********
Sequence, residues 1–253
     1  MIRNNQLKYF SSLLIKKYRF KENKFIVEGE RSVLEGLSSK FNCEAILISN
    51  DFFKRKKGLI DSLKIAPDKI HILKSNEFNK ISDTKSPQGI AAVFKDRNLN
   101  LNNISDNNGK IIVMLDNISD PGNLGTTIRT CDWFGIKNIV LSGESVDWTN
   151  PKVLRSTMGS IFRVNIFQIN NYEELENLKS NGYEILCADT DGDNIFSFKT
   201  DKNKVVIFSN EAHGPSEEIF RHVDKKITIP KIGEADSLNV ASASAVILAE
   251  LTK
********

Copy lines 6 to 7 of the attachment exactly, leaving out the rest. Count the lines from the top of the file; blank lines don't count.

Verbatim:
   201  DKNKVVIFSN EAHGPSEEIF RHVDKKITIP KIGEADSLNV ASASAVILAE
   251  LTK